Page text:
Joseph A. Gervasi continues his excellent interview series Loud! Fast! Philly! with a very candid conversation with Ralph Darden. There are no words that could describe Ralph’s importance in my life and the value, exploration, insight and humanity he brought to the experiences we shared together personally and creatively. This interview, however, reminds me that we are all always and at all times desperately trying to learn from (and understand) those we surround ourselves with and this challenge is central and never ending. Ralph continues to work as a DJ under the name Major Taylor and splits his time between Chicago and Los Angeles.
If you have some time, enjoy this one.
Photo of Ralph by the talented Karen Kirchhoff.
The other day, I was interviewed by Joseph Gervasi for Loud! Fast! Philly!, a self-described, “…aural history of the Philadelphia hardcore punk scene.”
It’s a great project that he’s dedicated a lot of his time towards and I was honored to be asked to participate.
Please be advised. Anyone who knows me knows how much I can get to talking so the interview is a long one. In fact, you might want to skip mine in favor of listening to the other interviews he’s done with members of the Philadelphia hardcore and punk community past and present. Each interview is a fascinating experience.
Be sure to listen to the interview that Joseph did with Atom and be sure to visit Joseph’s site regularly as he adds interviews.
If there is one thing Franklin wasn’t it was well spoken. Of course, I suppose it’s rare for any group of 20-somethings to be well spoken when it comes to anything, let alone the music they play. Especially if the four individuals who make up the band that makes the music they are discussing have wildly varying opinions on the music community to which they belong, the music to which they listen and the way music should be absorbed in general.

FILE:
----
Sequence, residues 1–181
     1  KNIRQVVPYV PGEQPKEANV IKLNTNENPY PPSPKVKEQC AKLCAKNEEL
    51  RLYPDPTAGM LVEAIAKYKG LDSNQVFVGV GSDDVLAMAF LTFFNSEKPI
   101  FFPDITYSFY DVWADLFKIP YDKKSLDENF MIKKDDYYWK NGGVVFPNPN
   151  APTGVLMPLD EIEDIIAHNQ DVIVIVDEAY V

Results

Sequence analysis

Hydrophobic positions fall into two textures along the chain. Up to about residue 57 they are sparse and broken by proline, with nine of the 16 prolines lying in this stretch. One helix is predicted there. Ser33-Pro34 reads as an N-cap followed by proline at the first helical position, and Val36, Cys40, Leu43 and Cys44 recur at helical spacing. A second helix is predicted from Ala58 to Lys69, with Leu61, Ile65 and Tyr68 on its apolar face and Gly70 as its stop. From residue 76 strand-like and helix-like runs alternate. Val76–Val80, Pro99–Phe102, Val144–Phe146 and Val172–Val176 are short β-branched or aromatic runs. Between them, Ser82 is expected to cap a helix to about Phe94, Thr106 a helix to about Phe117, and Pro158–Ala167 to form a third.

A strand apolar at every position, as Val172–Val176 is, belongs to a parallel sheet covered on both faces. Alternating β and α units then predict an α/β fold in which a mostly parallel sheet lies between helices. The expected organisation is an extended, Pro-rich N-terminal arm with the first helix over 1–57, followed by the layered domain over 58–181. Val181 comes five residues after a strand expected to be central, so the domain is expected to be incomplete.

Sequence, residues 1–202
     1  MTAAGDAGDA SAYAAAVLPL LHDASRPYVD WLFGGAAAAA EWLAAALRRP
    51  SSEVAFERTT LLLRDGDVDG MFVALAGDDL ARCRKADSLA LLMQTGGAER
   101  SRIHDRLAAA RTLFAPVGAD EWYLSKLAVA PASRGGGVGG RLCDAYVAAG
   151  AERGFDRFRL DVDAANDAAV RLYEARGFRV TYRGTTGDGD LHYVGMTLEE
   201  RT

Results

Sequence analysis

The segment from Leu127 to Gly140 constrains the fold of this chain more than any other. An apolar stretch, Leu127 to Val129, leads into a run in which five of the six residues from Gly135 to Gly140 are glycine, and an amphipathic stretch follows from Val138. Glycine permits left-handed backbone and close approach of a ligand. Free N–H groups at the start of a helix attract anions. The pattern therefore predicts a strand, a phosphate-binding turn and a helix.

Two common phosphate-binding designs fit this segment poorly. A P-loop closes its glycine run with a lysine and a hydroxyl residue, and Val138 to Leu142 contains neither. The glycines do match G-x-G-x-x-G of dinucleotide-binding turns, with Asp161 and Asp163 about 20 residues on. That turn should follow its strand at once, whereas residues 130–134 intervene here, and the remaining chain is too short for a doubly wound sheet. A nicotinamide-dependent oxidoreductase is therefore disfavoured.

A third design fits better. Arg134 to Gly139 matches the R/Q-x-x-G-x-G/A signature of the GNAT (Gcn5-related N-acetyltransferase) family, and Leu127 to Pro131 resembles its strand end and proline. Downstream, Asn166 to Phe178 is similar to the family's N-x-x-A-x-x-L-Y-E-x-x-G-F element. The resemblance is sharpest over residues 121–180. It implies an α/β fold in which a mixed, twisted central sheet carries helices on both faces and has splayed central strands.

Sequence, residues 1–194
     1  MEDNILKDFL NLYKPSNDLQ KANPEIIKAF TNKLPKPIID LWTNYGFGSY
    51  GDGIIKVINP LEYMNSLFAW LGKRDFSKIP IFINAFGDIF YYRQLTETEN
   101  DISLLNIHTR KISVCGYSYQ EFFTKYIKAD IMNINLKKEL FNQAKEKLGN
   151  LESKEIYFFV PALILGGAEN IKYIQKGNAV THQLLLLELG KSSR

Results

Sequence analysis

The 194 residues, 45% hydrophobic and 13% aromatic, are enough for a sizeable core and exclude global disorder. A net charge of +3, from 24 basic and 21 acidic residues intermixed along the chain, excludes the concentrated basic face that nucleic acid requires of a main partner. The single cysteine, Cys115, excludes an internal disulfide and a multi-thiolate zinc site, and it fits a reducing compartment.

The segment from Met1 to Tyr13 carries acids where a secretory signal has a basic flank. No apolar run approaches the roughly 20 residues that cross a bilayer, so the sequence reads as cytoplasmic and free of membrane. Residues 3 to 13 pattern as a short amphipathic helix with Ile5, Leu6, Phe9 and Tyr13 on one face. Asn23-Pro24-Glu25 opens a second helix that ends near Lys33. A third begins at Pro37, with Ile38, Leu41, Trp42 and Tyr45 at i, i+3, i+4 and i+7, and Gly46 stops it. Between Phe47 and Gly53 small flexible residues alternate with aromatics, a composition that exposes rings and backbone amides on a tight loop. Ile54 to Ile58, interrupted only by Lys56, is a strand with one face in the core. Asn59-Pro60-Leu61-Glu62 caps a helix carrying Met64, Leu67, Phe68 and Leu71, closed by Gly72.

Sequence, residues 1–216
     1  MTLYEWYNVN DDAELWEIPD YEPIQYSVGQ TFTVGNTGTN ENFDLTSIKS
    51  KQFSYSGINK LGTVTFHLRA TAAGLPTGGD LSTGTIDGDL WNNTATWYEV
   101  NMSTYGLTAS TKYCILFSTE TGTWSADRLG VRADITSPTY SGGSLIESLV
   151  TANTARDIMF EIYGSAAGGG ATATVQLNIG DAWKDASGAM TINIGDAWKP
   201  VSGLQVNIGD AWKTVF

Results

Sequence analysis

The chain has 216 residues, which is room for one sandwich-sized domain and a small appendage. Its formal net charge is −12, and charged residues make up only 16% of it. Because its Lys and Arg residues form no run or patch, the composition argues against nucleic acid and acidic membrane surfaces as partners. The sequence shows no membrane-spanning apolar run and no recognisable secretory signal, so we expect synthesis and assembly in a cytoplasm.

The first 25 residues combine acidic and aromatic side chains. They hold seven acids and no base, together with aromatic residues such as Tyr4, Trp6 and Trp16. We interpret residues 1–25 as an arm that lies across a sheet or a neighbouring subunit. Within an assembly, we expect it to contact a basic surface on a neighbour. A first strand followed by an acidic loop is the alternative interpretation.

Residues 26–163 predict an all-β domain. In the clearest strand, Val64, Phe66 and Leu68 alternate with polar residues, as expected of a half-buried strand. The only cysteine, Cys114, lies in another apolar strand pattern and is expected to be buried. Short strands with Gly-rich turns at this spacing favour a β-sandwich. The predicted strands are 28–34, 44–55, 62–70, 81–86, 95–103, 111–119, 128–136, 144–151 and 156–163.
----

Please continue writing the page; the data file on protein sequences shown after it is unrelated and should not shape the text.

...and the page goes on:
In short, it’s really hard for an interview not to come across as random and disjointed and, more concerning, the person being interviewed not to sound like a complete moron.
Perhaps it’s not all our fault. Music interviews are rather difficult beasts and it’s rare to meet a reporter or interviewer who has very much new to say. Typically, an interview is conducted on the fly sitting in a noisy location like a city park with no real time to listen and consider the questions being asked. In addition, the questions being asked can be rather ordinary and rote leading to even less interesting responses. It’s just a recipe for disaster.
So let’s not consider the disaster. Let’s just be in awe of the fact that anyone decided to take time out of their day to discuss anything at all with the fellas who played in Franklin.
Today, we’ve got two interviews. The first, by Eddie Ugarte originally appearing in his Ghetto Blaster fanzine. The interview was done one afternoon before we played Bonnie’s in NYC. The interview would have been around 1999 and the release of our self-titled final album. Check out the sweet little review of AM/FM’s first EP Audiot in the side-bar!
The second interview reiterates my original point that sometimes it’s best not to say anything because reading this interview makes my skin crawl! Sadly I do not know the name of the zine this appeared in…if you do, let me know!
Since launching this blog, I guess some folks have stumbled across it and have been enjoying it. People other than my friends. That’s pretty awesome.
One of those folks is a fella named Kurt Morris.
He runs a blog called Welcome to Flavor Country and he asked if I might be willing to do an interview with him for his blog about being a person who used to be in a touring rock band.
I said sure, why not!
I have to admit, it was a little odd answering questions that all seemed to sound as if not playing in a touring band anymore might be something depressing or sad for me.
He posted the article yesterday and you can check it out over yonder.